Learning to distinguish an RRSP from a TFSA at the advanced age of 35

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How I learned to manage my cash flow

One of the main reasons I got into financial trouble in the first place is that as a freelancer I had a variable income that I didn’t know how to manage. I would think of money as mine as soon as my work on any given project was completed. But sometimes the cheque wouldn’t come for six, eight, ten weeks. Sometimes the cheque wouldn’t come for years, as in the case of one rather major client who unfortunately declared bankruptcy after having hired me for four weeks straight.  An entire month!

I got into the bad habit of happily, naively borrowing from my line of credit for the amount coming to me, secure in the knowledge that I was “owed” money, even if I didn’t quite have it in my possession yet.

This is a very backwards way of doing things.

In other words, don’t try it at home!

Since taking control of my finances, one of my goals has been to learn how to successfully manage my cash flow.

Here are some tips that have helped me so far.

  1. Declare a temporary moratorium on all non-essential spending. This will re-set your financial clock.
  2. Don’t buy anything until you have the cash in hand.
  3. Figure out how much money you need to make, and try to make it. Freelancers often struggle with how much to ask for as pay. This is a good way of figuring it out! What do you need to live and how many hours are there in a day?
  4. Offer incentives to clients who pay early.
  5. Ask for a deposit on large contracts.
  6. Remember that it is possible to pay for some expenses such as insurance or gym membership in instalments, even if this option isn’t advertised. For example, I have a year-long membership at a yoga studio, which translates into the lowest possible amount per month. It’s advertised as being payable  in one lump sum, but I pay for it in monthly instalments. When I renewed recently, the person at the cash couldn’t believe what a good deal I was getting, comparably. Sometimes all you have to do is ask!
What tips have helped you get a handle on your cash flow, freelancers or not?

How PearBudget saved my marriage

My husband and I hadn’t been getting along, so we went to see a marriage counsellor, who drafted a list of 60 things we needed to work on to improve our relationship.

“How about we begin with finances,” he said. “It seems to be a thorny issue for you two.”

Our first “homework assignment”: make a family budget.

A budget? As far as I was concerned, this was an extremely frightening word that my husband sometimes threatened me with. I saw it as a reining-in, a limitation. And I didn’t have the least idea how to go about making one.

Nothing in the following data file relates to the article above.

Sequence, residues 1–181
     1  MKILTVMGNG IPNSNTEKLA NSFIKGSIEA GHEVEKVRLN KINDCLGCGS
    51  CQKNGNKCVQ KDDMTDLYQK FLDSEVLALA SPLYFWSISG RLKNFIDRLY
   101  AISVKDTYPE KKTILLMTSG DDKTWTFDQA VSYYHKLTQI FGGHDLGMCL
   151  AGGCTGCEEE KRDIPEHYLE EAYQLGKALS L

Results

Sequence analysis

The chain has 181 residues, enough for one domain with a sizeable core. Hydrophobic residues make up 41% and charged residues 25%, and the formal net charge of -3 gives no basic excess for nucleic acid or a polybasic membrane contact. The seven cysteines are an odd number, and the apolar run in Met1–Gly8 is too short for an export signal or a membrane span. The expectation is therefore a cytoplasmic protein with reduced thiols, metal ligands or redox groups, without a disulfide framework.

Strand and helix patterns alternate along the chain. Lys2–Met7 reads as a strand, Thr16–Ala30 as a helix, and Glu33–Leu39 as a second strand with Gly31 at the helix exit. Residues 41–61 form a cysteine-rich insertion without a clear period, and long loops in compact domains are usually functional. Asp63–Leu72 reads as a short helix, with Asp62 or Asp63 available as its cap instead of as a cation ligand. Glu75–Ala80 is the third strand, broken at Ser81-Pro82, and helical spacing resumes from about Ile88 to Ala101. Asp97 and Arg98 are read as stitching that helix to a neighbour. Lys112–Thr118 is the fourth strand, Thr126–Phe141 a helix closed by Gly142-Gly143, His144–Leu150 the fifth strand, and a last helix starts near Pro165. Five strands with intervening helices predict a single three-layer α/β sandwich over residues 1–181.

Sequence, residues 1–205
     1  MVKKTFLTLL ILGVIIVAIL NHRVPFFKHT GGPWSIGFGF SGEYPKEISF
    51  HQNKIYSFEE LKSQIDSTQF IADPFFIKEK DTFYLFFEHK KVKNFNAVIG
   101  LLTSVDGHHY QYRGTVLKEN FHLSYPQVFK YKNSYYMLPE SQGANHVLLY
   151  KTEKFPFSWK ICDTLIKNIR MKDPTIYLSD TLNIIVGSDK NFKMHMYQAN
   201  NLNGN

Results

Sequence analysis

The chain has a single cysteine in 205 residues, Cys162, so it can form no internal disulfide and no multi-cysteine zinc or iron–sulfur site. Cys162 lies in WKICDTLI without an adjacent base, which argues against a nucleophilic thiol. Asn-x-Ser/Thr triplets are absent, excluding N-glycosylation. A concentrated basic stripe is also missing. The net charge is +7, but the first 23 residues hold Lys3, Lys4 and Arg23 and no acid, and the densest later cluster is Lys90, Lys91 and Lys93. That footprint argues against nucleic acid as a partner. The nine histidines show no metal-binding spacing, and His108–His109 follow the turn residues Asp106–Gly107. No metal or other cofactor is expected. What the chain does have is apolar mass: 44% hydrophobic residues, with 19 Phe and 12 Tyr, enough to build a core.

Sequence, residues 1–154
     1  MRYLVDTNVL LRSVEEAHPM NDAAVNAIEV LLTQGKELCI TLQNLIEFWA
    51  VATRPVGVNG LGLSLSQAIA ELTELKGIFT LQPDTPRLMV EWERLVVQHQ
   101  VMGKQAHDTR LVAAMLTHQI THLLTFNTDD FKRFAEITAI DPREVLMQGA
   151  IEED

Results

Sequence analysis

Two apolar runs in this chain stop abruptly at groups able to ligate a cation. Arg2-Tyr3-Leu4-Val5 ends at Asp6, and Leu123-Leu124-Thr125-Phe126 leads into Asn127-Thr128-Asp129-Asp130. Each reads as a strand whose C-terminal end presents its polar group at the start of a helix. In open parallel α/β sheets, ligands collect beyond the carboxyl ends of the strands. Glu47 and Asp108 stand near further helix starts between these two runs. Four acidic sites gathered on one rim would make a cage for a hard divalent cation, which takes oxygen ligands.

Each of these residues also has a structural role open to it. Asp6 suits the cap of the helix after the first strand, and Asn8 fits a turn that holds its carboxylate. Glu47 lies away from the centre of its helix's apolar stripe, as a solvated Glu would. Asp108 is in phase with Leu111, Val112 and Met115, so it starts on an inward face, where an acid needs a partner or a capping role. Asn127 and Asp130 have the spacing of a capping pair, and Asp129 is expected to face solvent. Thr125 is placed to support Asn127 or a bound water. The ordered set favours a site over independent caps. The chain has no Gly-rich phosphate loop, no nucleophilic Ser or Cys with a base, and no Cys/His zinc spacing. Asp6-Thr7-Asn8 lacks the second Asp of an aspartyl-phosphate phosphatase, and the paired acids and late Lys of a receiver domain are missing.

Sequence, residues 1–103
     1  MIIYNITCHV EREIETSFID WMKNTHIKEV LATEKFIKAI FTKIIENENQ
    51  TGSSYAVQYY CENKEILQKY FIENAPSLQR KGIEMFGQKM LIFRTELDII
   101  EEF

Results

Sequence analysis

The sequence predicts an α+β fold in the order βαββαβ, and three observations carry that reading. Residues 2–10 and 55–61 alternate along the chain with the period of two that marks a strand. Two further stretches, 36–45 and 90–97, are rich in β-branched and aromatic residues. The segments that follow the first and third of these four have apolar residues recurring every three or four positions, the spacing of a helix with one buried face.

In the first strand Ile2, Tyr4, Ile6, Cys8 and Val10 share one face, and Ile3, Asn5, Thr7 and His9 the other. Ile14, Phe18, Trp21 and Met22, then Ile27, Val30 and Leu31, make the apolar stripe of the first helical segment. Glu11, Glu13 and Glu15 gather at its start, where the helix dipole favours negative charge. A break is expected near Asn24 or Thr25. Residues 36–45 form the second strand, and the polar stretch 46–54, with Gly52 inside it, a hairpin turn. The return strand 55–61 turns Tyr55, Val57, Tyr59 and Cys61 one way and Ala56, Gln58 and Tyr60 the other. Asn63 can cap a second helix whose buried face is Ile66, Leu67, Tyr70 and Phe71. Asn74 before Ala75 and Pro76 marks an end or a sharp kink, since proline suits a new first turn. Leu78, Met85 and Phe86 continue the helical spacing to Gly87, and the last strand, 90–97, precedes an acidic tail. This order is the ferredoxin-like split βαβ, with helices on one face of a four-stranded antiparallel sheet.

I turned to a friend, in the early stages of the divorce process, a process I myself was hoping to avoid. She’d had to make a budget for mediation, to arrive at a fair number for child support. She recommended using a budgeting website, PearBudget, for people who were afraid of budgeting. She described it as a “budgeting software for people who don’t do Excel.”

At first, I didn’t know what to enter into the budget. I really had no idea of how much money we made, or how we spent it. So I erred on the side of caution and tracked every single expense for the first few months. I even had a category for phones calls from phone booths (expected monthly expense, $0.50).

Then something magical happened. Just by virtue of entering our everyday expenditures into a website, our expenses started to go down. We realized that we did not want to spend $150 a month on alcohol. Or $300 a month on take-out. We started to think in terms of percentages: if I spend all of my disposable income (and then some) on food and drink, what kind of person does that make me? For the first time in years, my husband and I were talking about our values, about where we were heading, about where we wanted to go. Our budget was bringing us closer together.

Suddenly, money – the topic that had been the biggest taboo in our relationship – was the framework on which all new plans were based. Whereas before we had fatalistically assumed that we could never afford new clothes, or a vacation, or a new house, we were now thinking about what steps we would have to take to get what we want. It was revolutionary. It got to the point where talking about money was not only stress-free, it was also fun.

We enjoyed coming up with a strategy to the the $6,000 we owed to family and credit cards. We enjoyed coming up with less expensive ways to have fun. We enjoyed switching to a jar system for groceries, transportation, etc. We felt like a team again, but for this time, with RRSPs, TFSAs and an RESP firmly in place.

As for marriage counselling, we never did get to those 59 other points on the list. Number one had taken us further than either of us had every expected. Just over a year later, we are debt free and our net worth has increased by more than $40,000.